Nand Kishore Chaudhary has built one of India’s most successful hand-made carpet ventures by forging close ties to a community that most businesses on the continent shun: the poor, largely uneducated caste of citizens long referred to as “Untouchables.” To help his business grow, he’s also had to develop an apprenticeship system around India’s chronic battles with child labor. To Chaudhary, navigating these issues is the only way to honor the true meaning of sustainability. During a visit to Jaipur Rugs Company, our correspondent tries to figure out how all these pieces come together.
By CATHRYN JAKOBSON RAMIN
Amidst political discussion about expanding apprenticeships in the U.S., two contradictory realities persist. One is a changing landscape, in both school and work, that increasingly needs a sound apprenticeship system; the other is the refusal by many parents to understand why a formal apprenticeship might make more sense for their children—and their finances—than four years of college.
By TODD OPPENHEIMER
In early 2018, after the release of a positive national jobs reports, some experts said the glowing numbers couldn’t be trusted, and actually indicated a “wage-less recovery.” No wonder. For the last few decades, both the private and public sectors have gradually weakened the support structures that have nurtured the American workforce for generations. Two experts connect the dots on this new dilemma, and look for solutions.
By KRISTIN SHARP and MOLLY KINDER
Every night for the last 612 years, a man has been climbing 153 stone steps of Lausanne’s cathedral to call out the hour, telling the city that all is well. For the last 28 years, this ritual has fallen to Renato Häusler. “Here it is good values,” he says. “Wood, stone, history – nothing complicated.”
By MICHAEL CERVIN
Almost hidden on a funky old pier along San Francisco’s waterfront, Autodesk, a world leader in digital tools for makers, is running a prototype shop that seems more like a high-tech playground for grown-ups. In between contracts to make, say, a steel ship propeller with a massive 3-D printer, the company takes in sculptors, engineers, and architects who are pushing the boundaries of their own work. The effect of all this energy is a level of innovation that is expanding—and perhaps redefining—the meaning of craftsmanship.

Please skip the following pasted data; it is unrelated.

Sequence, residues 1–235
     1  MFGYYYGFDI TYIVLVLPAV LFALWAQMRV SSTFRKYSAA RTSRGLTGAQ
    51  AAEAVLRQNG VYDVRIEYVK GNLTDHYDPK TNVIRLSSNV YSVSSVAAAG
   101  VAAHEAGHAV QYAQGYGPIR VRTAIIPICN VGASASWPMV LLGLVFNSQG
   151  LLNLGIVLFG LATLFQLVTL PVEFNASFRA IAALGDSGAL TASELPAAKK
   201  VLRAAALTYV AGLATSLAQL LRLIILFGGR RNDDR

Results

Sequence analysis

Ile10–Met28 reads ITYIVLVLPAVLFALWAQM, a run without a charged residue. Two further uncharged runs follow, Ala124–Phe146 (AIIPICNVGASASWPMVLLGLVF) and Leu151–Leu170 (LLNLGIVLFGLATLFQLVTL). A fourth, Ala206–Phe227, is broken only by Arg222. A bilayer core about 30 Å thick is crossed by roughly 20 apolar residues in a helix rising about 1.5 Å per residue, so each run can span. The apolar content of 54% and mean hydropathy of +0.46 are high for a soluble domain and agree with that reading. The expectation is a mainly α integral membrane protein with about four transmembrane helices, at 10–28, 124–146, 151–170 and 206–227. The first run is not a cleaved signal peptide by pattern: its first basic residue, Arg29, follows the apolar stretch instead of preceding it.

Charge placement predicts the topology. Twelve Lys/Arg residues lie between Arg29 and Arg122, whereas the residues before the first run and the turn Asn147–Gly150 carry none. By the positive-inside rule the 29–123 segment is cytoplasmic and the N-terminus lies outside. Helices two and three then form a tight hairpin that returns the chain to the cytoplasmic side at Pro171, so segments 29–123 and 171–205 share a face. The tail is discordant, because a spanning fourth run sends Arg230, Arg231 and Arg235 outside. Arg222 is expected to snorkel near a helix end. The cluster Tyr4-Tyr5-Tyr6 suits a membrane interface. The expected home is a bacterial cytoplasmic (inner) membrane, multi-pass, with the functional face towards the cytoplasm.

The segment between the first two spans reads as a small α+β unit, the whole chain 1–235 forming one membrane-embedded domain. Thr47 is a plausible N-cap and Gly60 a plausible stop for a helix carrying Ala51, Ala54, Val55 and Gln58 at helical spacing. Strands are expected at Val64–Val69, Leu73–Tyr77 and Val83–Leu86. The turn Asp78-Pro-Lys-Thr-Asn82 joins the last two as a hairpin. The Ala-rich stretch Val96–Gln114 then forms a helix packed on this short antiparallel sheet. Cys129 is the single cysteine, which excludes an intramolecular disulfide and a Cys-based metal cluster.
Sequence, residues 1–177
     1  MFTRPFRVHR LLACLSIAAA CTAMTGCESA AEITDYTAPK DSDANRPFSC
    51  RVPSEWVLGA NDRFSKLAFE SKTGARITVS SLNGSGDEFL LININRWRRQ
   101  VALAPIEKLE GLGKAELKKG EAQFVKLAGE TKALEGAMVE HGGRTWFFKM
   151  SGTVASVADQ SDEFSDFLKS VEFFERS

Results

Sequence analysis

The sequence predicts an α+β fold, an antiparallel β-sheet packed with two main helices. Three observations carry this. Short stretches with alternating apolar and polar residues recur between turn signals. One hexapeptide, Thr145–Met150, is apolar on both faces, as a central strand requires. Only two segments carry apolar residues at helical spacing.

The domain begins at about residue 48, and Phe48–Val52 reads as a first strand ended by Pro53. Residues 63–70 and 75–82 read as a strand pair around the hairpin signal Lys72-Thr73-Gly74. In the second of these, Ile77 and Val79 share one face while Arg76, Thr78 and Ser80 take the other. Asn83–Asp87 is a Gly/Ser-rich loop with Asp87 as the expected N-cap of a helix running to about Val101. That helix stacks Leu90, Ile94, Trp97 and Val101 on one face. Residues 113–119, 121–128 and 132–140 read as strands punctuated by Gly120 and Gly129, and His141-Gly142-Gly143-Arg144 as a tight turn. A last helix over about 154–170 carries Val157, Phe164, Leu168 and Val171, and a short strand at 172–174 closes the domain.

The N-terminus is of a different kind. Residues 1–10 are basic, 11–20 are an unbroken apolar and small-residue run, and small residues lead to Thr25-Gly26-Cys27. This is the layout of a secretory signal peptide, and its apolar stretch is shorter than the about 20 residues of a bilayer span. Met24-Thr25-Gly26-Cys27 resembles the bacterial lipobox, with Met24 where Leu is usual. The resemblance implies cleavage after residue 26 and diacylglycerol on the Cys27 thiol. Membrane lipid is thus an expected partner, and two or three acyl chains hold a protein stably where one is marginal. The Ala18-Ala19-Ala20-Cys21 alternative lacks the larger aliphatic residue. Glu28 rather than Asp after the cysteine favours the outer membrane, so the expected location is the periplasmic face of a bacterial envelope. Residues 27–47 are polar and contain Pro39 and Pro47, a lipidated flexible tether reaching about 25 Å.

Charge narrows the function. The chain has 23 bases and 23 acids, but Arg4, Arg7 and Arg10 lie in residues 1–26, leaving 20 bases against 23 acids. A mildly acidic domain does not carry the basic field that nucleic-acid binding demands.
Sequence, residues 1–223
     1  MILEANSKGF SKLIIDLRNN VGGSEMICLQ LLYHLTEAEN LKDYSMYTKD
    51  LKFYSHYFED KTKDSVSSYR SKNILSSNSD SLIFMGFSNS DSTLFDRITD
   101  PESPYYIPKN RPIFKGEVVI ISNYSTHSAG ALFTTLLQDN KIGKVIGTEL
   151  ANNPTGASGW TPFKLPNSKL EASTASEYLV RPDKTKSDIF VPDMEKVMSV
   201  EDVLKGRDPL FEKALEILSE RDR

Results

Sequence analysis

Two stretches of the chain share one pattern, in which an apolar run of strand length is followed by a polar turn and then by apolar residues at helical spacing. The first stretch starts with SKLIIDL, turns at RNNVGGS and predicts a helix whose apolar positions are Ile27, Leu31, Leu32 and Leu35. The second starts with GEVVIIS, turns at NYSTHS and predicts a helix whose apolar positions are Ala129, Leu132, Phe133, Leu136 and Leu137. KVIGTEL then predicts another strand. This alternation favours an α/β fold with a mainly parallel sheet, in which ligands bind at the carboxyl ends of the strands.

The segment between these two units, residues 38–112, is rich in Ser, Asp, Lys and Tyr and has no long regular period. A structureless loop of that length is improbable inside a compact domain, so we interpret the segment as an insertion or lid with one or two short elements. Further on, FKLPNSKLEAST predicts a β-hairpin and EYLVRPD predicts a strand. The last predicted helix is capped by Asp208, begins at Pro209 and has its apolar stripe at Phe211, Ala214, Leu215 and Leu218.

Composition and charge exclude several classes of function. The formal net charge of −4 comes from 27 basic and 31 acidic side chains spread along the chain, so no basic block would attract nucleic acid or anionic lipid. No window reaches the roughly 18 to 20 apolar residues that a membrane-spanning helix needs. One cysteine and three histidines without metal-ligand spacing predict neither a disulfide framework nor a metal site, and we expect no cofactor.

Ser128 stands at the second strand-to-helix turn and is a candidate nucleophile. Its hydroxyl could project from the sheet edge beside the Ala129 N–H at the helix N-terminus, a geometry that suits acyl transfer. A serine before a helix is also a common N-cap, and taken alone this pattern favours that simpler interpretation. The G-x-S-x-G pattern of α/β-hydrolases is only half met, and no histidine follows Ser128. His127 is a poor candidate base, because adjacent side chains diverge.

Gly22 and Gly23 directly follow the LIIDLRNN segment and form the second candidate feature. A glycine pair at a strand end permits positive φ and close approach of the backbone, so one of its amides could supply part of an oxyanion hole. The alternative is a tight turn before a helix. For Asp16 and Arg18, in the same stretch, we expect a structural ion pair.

By TODD OPPENHEIMER
As the job landscape changes, opportunities open for some and close for others. Since 2010, Kelly Carlisle has been trying to build options for youngsters in East Oakland–using an urban farm to inspire them to engage with the world as curious citizens. “Part of my work,” she says, “is to make sure we expand their worldview.”
By WILL CALLAN
While the fashion industry continues to produce more and more clothing made from synthetics, with all their harmful effects, we’ve ignored the wonders of wool. The material is natural, durable, and endlessly renewable; more important, its creators (the sheep) can help regenerate the world’s drying, fire-prone landscapes. Fortunately, a wool revival seems to be underway.
By JUDITH D. SCHWARTZ
Across the U.S., scores of schools and other programs offer courses and workshops in everything from boat-building to glass blowing to knife making. But no one has created an informed guide to all these courses—until now. If you’ve always wanted to become a better woodworker, make and smoke your own sausage, or fix your grandfather’s antique violin, here are detailed descriptions of the nine best programs we could find.
By NATALIE JONES
Photos courtesy of the schools
With only a quick glance at today’s political climate—the strident social media landscape, the balkanized geography between red and blue states, the bombastic president—you get an unmistakable message: We don’t know how to talk with each other anymore, let alone build common ground. An expert in linguistics explores our new argumentative culture to find ways that Americans of different beliefs can start believing in each other again.
By MICHAEL ERARD